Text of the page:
The UK's organic poultry and egg market faces being "killed off" unless the EC can be persuaded not to push ahead with new rules on organic feed, producers are warning.
At present, organic feed can contain up to 5% of non-organic raw material, but this is due to be cut to zero as of January 2012.
There are also EC proposals to require organic poultry producers to source at least 50% of the feed they use from 'local or regional' sources as of next year.
The plans were of "great concern" to the organic poultry and egg industry, said NFU chief poultry adviser Kelly Watson. "The UK is only about 50% self-sufficient in organic wheat which makes up about 60% of a broiler feed ration so we have to import a lot from Eastern Europe," she said. If 'region' were defined by the EC as meaning the UK, this would "kill organic poultry off", she said.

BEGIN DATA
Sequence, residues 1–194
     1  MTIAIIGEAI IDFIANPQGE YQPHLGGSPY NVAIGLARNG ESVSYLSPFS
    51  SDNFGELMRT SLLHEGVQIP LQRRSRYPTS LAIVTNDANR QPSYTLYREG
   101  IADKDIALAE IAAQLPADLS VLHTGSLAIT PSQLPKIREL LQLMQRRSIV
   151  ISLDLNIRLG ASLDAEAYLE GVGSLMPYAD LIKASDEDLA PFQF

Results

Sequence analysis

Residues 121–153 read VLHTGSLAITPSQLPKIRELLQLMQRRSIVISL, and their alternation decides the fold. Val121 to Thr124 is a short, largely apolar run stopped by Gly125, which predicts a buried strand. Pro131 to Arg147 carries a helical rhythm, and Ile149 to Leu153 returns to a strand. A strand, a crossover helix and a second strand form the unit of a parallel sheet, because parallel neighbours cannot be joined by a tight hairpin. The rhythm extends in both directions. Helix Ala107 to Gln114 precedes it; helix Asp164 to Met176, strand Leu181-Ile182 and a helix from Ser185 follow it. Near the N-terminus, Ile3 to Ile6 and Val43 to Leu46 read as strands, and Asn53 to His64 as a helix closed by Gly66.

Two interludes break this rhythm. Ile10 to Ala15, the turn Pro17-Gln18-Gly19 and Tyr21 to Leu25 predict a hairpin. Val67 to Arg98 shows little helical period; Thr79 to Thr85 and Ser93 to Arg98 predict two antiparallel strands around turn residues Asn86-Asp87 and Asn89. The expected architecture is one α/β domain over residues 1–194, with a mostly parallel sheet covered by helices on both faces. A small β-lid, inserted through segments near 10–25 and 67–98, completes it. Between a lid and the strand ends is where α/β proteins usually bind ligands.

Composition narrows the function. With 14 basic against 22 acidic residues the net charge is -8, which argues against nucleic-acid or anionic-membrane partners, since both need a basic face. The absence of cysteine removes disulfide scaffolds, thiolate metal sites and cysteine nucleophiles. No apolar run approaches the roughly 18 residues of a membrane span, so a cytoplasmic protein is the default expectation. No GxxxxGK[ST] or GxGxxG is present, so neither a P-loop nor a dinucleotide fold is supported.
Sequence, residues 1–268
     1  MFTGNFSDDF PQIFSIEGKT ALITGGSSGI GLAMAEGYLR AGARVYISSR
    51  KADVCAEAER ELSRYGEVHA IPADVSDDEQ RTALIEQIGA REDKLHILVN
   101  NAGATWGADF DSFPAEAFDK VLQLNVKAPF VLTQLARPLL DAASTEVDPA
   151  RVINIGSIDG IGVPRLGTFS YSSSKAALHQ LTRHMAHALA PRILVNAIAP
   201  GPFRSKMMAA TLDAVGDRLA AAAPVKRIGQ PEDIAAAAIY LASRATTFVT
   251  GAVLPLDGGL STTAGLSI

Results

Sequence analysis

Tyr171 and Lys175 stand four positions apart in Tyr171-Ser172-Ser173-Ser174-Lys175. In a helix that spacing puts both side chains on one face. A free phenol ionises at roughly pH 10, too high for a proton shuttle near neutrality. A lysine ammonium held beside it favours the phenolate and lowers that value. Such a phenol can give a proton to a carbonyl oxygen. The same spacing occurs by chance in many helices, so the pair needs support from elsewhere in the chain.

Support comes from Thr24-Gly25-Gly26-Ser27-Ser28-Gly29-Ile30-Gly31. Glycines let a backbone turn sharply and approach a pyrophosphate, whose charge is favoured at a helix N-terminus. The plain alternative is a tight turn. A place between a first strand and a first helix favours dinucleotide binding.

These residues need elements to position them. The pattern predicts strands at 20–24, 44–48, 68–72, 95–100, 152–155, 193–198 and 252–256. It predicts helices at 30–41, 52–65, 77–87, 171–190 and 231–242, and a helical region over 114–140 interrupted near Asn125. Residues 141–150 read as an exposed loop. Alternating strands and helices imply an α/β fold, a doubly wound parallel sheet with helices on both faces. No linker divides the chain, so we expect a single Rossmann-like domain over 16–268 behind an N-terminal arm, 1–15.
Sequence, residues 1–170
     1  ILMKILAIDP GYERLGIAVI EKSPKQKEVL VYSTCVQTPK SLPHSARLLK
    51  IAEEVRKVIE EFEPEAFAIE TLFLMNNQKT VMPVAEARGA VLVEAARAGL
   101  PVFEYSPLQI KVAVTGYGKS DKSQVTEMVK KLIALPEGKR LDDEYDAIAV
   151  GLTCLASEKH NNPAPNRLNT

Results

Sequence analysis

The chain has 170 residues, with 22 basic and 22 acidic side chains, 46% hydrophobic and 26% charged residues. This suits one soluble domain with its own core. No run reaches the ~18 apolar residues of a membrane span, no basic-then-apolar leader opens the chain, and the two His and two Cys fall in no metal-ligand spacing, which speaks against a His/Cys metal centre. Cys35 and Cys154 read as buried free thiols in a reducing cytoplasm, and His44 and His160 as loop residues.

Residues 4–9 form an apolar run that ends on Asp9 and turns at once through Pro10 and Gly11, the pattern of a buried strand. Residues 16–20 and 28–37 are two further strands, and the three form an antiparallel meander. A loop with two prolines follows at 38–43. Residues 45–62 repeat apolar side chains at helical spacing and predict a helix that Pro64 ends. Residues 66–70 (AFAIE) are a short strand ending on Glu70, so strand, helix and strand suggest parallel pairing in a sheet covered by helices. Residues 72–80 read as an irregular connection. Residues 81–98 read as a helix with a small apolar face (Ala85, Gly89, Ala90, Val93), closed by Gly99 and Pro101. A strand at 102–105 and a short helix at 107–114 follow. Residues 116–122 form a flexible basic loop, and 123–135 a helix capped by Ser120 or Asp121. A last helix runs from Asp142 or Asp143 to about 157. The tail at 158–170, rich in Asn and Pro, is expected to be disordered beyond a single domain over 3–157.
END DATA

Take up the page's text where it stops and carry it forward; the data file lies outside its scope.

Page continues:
The British Poultry Council said diets could not currently be formulated using 100% organic raw materials without compromising bird welfare, as organic feed with the right protein levels was hard to source. It is lobbying the EC to allow the industry more time to try different feeds before committing to 100% organic raw materials. "The poultry sector must continue to have access to high-protein Eastern European grain to avoid welfare problems," a spokeswoman said, adding there would be "a very substantial reduction" in UK organic poultry production if the changes came in.
A move to 100% organic feed has been on the cards since 2007, and the percentage of non-organic materials allowed in organic feed has gradually fallen over the past few years.
Watson said the industry had previously thought the EC simply wanted feed sourced 'primarily' from local and regional sources and had not been aware of the 50% target until an EU meeting in May.
Soil Association head of standards Chris Atkinson said some producers and feed suppliers were already meeting the 100% requirements and it was helping others through the change.
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